Similarly, In Repair, also deals with life’s problems and coping with them. The track happens to be another one of my favorites; although the song is over six minutes long, each second flies by with the breezy melody and Mayer’s soothing vocals. Again, the lyrics are perfectly written, and I can personally relate to this song on several levels. The chorus (“Oh, its taking so long/I could be wrong/I could be ready/Oh, but if I take my heart’s advice/I should assume, it’s still unsteady/I am in repair”) will quickly become an anthem for anyone who’s had experience (or currently is) working on themselves or their life.

When Mayer isn’t soul-searching, he seems to be trying to get over a broken heart. Slow Dancing In A Burning Room is a blues ballad that everyone seems to enjoy. Some great guitar riffs play against the slow melody, and as John sings lyrics like, “It’s not a silly little moment/It’s not the storm before the calm/This is the deep and dyin’ breath of/This love we’ve been workin’ on”, you have to wonder if he hasn’t recently ended a bad relationship. (As a side note, this was the only song I allowed myself to enjoy during Clear Channel’s one week streaming of the album before it was released. I listened to it multiple times every day before the stream was taken down, but now every time I hear the song, I keep waiting for the recorded voice of a woman saying “Sneak peek, hear it here first” to butt in during the middle of the track)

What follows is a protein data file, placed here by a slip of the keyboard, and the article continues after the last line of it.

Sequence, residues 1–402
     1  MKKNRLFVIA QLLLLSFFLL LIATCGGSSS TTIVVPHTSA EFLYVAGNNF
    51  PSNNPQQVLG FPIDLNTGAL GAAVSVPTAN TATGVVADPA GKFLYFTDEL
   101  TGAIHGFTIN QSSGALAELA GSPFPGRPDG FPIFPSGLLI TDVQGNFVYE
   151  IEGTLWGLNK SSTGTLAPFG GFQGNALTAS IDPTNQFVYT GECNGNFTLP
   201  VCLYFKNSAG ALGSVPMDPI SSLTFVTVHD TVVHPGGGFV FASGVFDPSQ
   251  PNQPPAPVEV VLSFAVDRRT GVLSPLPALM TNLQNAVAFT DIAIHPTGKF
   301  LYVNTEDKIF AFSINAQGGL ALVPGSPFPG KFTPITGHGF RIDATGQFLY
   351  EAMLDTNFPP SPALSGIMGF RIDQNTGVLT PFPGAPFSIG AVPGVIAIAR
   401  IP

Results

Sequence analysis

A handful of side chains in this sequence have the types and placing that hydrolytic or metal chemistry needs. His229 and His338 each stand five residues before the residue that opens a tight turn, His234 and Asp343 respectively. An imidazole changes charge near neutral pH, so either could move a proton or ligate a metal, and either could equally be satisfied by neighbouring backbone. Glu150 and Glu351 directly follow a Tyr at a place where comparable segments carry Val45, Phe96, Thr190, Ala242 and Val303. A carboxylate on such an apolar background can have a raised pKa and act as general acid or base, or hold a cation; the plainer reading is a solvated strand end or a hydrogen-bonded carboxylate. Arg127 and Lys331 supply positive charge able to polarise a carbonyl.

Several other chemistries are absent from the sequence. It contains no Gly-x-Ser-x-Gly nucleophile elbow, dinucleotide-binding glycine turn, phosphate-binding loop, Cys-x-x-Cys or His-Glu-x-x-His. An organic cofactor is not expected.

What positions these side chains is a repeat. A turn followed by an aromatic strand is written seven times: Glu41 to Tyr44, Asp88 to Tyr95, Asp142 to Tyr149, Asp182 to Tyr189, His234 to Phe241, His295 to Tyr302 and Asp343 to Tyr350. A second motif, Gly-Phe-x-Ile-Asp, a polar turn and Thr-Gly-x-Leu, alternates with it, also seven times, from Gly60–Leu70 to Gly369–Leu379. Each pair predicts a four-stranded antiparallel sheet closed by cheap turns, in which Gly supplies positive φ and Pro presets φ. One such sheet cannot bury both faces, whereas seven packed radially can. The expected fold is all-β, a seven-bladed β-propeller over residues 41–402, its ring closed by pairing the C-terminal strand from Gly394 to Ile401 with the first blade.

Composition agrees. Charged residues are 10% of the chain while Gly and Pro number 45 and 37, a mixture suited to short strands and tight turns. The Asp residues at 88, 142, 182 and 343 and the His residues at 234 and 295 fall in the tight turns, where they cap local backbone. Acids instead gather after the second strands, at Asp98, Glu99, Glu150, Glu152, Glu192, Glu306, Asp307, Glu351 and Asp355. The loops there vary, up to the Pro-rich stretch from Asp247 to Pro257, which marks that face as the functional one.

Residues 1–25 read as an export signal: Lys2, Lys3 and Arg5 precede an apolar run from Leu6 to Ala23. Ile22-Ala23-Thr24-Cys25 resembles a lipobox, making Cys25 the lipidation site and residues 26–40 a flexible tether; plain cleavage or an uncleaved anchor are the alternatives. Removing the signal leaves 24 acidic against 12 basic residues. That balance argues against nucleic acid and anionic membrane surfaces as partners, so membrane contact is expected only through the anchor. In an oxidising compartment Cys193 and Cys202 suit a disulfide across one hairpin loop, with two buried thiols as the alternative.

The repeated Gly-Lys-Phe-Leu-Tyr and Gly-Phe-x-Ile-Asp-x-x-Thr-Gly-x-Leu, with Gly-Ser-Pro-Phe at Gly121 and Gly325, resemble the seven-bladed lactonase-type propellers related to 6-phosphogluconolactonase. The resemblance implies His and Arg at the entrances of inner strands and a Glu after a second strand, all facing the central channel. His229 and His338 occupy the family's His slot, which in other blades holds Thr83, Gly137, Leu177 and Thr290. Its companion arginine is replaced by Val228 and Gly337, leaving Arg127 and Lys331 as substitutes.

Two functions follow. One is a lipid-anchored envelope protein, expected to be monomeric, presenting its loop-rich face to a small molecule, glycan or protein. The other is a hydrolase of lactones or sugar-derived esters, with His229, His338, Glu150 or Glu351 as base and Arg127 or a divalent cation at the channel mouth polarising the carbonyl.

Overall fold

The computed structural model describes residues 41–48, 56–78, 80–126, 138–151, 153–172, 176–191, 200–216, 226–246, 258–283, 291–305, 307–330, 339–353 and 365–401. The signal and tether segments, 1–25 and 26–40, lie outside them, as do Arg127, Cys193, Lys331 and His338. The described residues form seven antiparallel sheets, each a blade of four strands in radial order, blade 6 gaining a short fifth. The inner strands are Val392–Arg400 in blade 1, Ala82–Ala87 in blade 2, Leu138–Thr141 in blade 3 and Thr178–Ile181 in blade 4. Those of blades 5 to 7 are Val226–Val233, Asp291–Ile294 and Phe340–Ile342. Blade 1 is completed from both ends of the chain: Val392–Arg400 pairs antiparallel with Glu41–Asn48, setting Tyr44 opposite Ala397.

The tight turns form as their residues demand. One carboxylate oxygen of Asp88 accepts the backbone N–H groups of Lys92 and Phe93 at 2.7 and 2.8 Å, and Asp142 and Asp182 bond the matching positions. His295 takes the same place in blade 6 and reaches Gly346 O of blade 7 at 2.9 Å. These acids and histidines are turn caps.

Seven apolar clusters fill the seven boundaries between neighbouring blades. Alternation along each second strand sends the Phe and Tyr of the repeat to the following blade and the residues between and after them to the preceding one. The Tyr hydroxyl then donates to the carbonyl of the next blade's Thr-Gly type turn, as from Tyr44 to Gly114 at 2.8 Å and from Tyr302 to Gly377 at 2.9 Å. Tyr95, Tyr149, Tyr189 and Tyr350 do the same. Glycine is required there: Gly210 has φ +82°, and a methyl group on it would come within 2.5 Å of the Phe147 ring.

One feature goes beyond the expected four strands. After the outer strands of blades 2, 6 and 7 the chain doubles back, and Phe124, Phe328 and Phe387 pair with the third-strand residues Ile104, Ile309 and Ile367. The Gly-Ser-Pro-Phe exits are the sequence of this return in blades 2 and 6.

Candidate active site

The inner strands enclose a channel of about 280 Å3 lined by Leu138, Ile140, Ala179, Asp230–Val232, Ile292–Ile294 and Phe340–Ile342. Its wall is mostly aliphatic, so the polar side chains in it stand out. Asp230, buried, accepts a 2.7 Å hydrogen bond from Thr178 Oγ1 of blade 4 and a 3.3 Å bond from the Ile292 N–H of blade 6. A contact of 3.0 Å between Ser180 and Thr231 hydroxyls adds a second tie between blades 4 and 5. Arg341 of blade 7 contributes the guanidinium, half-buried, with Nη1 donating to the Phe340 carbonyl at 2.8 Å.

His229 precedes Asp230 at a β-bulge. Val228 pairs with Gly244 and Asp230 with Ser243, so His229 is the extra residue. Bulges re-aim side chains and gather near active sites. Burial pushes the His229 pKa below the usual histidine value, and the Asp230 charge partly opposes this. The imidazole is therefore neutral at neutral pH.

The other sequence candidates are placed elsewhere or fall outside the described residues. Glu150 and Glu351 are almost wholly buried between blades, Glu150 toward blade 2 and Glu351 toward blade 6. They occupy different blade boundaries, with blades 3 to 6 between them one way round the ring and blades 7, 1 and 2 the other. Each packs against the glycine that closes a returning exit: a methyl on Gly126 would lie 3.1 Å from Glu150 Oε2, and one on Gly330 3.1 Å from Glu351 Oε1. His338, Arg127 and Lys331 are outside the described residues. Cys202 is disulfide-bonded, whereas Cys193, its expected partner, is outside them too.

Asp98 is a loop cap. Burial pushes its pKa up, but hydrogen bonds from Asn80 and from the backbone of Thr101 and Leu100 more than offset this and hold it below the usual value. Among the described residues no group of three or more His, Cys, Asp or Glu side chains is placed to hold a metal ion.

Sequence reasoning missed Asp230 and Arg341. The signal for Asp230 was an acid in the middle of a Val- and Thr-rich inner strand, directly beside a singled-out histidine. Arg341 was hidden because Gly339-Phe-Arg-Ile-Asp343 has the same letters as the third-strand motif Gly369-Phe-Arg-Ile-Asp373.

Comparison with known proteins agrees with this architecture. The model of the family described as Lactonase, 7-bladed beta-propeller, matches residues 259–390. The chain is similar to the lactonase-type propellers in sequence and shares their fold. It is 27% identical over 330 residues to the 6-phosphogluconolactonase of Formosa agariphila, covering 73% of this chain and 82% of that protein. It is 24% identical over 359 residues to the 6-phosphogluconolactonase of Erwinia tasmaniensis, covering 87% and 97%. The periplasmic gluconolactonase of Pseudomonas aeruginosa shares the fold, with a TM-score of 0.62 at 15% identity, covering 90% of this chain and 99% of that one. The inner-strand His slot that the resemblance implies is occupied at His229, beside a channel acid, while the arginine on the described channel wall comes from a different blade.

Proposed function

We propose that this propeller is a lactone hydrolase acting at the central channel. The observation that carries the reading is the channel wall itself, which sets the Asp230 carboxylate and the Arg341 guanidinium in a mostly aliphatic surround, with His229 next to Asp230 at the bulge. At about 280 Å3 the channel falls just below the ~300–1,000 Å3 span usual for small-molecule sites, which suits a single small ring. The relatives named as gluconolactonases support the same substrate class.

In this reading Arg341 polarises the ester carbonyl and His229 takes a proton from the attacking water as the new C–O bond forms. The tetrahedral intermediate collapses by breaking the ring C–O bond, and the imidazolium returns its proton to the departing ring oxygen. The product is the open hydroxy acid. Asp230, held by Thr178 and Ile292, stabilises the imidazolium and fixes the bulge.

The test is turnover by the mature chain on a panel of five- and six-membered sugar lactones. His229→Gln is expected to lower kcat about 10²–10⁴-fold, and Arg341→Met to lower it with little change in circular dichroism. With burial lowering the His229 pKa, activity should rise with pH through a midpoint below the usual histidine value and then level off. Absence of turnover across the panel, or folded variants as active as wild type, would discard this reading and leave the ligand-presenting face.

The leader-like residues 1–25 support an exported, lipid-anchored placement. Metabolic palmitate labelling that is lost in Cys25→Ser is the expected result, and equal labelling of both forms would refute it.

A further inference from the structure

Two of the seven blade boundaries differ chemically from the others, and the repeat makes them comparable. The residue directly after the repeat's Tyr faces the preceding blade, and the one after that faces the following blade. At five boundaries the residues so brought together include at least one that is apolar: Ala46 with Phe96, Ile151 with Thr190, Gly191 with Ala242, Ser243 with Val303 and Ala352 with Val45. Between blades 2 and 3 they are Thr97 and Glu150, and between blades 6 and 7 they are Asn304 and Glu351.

This sentiment continues with Dreaming With A Broken Heart. The song begins with simple piano, which comes off sounding like a sad lullaby. This is another one of the standout tracks- Mayer’s delivery is appropriately downtrodden, and the piano (and guitar, which is added later) make for a beautiful song. Once again, I turned on the waterworks during the first verse (“You roll out of bed and down on your knees/And for a moment you can hardly breathe/Wondering was she really here/Is she standing in my room? /No, she’s not/’Cause she’s gone, gone, gone, gone, gone.”). I’m not sure if Mayer really did have his heartbroken, but I can think of quite a few women who’d be more than willing to help him mend it.